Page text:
Jennifer Owens-Jofré (PhD)
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About Jennifer Owens-Jofré (PhD)
Jennifer Owens-Jofré, PhD, is a Catholic theologian and lay ecclesial minister whose academic writing has appeared in Journal of Feminist Studies in Religion, Journal of Hispanic/Latino Theology, Anglican Theological Review, and the International Journal of Practical Theology. Currently, Dr. Owens-Jofré is crafting a manuscript based on her dissertation research with lay Latina leaders at Dolores Mission Parish, the working title of which is Taking Up la Virgen’s Mantle: A Theology of Accompaniment (Convivium Press, forthcoming). She co-edited From the Pews in the Back: Young Women and Catholicism (Liturgical Press, 2009), and more of her popular pieces can be found at Commonweal, the Political Theology Network, and America. Drawing on ministry experience in Catholic communities across the United States, Dr. Owens-Jofré also teaches in parish settings and offers professional development workshops, especially for those who would like to work with young adults, develop cultural competency skills for Hispanic ministry, and cultivate spiritual practices that root our commitments to anti-racism.
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Books By Jennifer Owens-Jofré (PhD)
This wisdom is based on the authors’ oral traditions, research, intuitions, and lived experiences—wisdom inspired by, and created from, personal trajectories on the path to spiritual conocimiento, or inner spiritual inquiry. This conocimiento has reemerged over the last fifty years as efforts to decolonize lives, minds, spirits, and bodies have advanced. Yet this knowledge goes back many generations to the time when the ancestors understood their interconnectedness with each other, with nature, and with the sacred cosmic forces—a time when the human body was a microcosm of the universe.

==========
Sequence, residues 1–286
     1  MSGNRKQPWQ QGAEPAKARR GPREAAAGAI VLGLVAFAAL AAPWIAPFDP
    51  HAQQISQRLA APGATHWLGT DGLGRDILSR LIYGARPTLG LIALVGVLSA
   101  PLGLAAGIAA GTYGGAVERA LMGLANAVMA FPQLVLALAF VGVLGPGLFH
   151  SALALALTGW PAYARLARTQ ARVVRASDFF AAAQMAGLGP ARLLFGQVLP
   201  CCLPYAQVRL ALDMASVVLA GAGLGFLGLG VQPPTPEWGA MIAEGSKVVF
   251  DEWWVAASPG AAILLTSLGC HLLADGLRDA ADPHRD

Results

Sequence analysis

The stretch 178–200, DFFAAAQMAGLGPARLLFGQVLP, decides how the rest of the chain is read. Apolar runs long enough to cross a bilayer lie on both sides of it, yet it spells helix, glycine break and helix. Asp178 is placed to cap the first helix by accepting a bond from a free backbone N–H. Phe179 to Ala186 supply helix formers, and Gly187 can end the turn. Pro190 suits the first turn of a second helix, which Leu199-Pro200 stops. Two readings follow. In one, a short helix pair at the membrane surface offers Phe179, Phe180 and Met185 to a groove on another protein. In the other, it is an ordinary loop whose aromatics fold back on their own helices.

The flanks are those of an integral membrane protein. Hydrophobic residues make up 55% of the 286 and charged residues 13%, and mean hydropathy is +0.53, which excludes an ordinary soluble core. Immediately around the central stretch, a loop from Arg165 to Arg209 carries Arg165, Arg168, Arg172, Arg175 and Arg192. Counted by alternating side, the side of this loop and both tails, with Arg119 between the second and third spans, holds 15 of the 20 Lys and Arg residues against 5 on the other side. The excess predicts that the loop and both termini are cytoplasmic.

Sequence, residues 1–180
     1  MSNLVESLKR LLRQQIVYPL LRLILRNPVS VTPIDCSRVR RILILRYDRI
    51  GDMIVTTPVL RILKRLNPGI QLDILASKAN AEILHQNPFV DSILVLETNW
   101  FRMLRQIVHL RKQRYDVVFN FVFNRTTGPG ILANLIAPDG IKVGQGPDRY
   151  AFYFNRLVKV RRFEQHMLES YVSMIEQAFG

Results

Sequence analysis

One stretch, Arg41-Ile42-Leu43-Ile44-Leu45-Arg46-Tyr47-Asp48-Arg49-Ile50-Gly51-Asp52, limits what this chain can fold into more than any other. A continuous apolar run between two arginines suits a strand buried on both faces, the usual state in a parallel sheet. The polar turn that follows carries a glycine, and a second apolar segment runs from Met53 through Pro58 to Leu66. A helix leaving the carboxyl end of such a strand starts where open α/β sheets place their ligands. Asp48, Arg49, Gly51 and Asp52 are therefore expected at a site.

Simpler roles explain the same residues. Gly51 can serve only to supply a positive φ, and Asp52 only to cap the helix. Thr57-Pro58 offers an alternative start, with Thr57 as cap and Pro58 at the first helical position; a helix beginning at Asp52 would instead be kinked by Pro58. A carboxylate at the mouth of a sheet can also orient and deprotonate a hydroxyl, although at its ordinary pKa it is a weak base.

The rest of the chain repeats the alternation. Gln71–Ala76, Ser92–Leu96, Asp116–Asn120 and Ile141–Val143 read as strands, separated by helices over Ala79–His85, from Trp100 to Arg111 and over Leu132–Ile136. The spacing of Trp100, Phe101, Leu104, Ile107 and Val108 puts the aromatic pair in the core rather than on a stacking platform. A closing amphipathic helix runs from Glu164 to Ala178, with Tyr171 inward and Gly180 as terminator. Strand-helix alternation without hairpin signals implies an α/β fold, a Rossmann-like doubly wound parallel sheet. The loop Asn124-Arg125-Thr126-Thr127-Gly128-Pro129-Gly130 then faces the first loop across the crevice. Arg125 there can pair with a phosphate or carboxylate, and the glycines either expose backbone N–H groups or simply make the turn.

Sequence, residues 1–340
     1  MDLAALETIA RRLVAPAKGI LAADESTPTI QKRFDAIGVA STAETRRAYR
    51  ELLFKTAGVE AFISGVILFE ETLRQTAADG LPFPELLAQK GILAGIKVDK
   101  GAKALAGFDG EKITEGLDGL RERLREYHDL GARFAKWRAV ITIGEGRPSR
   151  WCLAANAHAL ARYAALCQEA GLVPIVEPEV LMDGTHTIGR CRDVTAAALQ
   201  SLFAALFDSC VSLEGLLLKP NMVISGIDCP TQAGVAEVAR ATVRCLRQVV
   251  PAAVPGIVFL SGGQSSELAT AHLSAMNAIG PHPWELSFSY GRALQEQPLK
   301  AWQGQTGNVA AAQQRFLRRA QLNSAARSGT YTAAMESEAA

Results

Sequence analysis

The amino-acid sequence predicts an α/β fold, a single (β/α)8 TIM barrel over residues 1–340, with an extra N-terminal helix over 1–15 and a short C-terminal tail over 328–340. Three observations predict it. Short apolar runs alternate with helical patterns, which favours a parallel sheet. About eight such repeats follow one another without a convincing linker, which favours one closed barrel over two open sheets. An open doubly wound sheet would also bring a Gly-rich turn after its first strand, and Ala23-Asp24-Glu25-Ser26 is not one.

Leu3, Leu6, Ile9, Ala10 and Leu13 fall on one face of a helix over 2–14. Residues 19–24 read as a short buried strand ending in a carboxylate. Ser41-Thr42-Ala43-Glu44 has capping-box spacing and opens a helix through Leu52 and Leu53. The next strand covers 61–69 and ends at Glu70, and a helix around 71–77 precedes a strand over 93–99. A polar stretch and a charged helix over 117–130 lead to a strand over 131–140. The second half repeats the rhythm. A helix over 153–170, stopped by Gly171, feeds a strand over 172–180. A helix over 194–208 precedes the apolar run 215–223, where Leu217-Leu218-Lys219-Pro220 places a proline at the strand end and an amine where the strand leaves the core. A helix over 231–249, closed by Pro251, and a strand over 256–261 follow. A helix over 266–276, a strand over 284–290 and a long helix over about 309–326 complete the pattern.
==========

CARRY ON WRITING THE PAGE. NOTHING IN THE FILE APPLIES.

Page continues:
Reclaiming and reconstructing spirituality based on non-Western epistemologies is central to the process of decolonization, particularly in these fraught times. The wisdom offered here appears in a variety of forms—in reflective essays, poetry, prayers, specific guidelines for healing practices, communal rituals, and visual art, all meant to address life transitions and how to live holistically and with a spiritual consciousness for the challenges of the twenty-first century.
As new forms of worship and belief continue to evolve in the twenty-first century, Patheos invited thought leaders from a variety of religious traditions to talk about the future of religion. What trends will influence how people across the spectrum of faiths worship and practice? What are the challenges and opportunities that will confront faith leaders? What are the controversial issues? Will cooperation or conflict between religions be dominant in the years ahead? What reform movements will shape the future of belief?
In addressing these questions, we have included the thoughts of many of the most prominent and diverse scholars and commentators on religion today, including Reza Aslan, Philip Clayton, Quentin Cook, Michele Dillon, Gavin Flood, Martin Marty, Alister McGrath, Scot McKnight, Brian McLaren, Hemant Mehta, Eboo Patel, Sarah Pike, Charles Prebish, Jonathan Sarna, Phyllis Tickle, Asma Uddin, Reb Zalman, and many others.
This compilation of essays includes the reflections of scholars and practitioners of nine major faith traditions--Hinduism, Buddhism, Judaism, Roman Catholicism, Progressive Christianity, Evangelicalism, Mormonism, Islam, and Paganism--and a tenth collection of articles on Humanism/Atheism.
Essays will tackle such subjects as race, interfaith relations, blogging, theological controversies, gender issues, proselytizing, music, emerging movements, politics, and film.
From the Pews in the Back is a book filled with questions about Catholic identity. How do young Catholic women see or define themselves? What is their relationship to the church? What are their struggles and joys? In a church that often consigns them to the pews in the back, what place are young women claiming? This collection of twenty-nine essays approaches these questions from a multitude of angles. These brief memoirs, to 'her with the insights of editors Kate Dugan and Jennifer Owens, offer a glimpse into what it means to be young, Catholic, and female in today's church. These women wrestle with the Catholic faith and with the church. They ask hard questions of the institution and are not willing to take easy answers.
From the Pews in the Back is a new chapter in the dialogue about the role of women in the church. The voices of these women range from inspiring and energetic to challenging and wounded. Ultimately, though these women are stubbornly hopeful. They are claiming a place in the church and are calling other Catholics to talk with them about this claim.